Bushfires are inevitable in the fire-prone landscapes of Western Australia. Long dry summers, vegetation and undergrowth, and ignition from lightning or human causes mean that bushfires can and do occur every summer.
A bushfire is an unplanned fire (in the U.S. this is referred to as a wildfire). Each year Australia's Department of Parks and Wildlife responds to more than 600 bushfires that occur on or near land managed by the department. Bushfires have many causes, some natural such as lightning and some as a result of human activity such as camp fires, escapes from prescribed burning operations, industrial activity such as timber harvesting, mining, farming and power transmission, and some from deliberate arson.
The fires which are indicated by red spots on this satellite image may be bushfires. These are areas where the thermal detectors on the MODIS instrument recognized temperatures higher than background. When accompanied by plumes of smoke, as in this image, such hot spots are diagnostic for fire.The Sentinel hotspot locator on Geoscience Australia show that the fires on this image are up to 24 hours old.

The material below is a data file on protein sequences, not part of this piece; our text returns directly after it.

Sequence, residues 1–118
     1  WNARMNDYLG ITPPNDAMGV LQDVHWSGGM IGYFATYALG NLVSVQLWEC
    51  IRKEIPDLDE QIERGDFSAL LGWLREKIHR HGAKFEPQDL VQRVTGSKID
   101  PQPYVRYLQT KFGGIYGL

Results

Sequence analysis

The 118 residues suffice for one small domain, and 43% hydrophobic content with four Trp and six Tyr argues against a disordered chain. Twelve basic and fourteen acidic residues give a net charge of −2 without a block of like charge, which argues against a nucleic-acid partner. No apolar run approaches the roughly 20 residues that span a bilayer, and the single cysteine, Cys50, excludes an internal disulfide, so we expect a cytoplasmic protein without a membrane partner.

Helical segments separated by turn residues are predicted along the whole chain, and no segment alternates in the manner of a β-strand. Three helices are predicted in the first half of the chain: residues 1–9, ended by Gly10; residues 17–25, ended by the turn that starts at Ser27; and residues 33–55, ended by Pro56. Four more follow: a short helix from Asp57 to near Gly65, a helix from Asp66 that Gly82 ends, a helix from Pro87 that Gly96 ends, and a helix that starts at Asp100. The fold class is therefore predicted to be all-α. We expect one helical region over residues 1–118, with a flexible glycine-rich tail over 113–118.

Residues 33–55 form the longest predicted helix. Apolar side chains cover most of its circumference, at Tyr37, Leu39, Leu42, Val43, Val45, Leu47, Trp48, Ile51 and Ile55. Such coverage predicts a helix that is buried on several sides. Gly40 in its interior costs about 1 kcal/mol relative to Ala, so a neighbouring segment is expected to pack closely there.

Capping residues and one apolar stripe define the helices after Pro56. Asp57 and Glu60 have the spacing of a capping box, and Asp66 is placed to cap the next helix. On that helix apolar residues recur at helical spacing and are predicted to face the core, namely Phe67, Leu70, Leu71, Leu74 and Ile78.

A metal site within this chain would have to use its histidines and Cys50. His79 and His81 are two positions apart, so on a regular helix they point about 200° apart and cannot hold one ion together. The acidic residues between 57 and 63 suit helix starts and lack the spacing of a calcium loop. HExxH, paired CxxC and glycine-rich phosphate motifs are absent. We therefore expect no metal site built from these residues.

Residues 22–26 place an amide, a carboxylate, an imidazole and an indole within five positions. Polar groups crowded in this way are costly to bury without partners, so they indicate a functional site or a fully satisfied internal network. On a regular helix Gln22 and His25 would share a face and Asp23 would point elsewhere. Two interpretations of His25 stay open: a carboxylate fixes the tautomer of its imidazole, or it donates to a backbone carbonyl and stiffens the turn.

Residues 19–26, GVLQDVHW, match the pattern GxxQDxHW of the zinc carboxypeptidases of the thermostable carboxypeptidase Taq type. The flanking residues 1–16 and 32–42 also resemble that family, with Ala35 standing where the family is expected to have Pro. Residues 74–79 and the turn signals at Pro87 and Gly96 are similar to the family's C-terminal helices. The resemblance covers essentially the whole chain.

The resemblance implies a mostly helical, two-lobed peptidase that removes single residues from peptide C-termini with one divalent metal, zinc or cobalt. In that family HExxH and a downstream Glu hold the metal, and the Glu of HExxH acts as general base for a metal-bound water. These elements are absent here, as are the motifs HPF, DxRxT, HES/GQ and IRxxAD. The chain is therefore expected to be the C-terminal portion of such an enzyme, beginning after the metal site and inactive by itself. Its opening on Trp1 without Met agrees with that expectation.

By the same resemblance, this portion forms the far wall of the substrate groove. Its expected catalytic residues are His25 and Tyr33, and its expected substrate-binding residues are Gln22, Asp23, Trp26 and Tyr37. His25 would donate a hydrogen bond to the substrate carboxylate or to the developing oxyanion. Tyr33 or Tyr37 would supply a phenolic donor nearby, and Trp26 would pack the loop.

This natural-color satellite image was collected by the Moderate Resolution Imaging Spectroradiometer (MODIS) aboard the Aqua satellite on April 09, 2015. Actively burning areas, detected by MODIS's thermal bands, are outlined in red.
NASA image courtesy Jeff Schmaltz, MODIS Rapid Response Team. Caption: NASA/Goddard, Lynn Jenner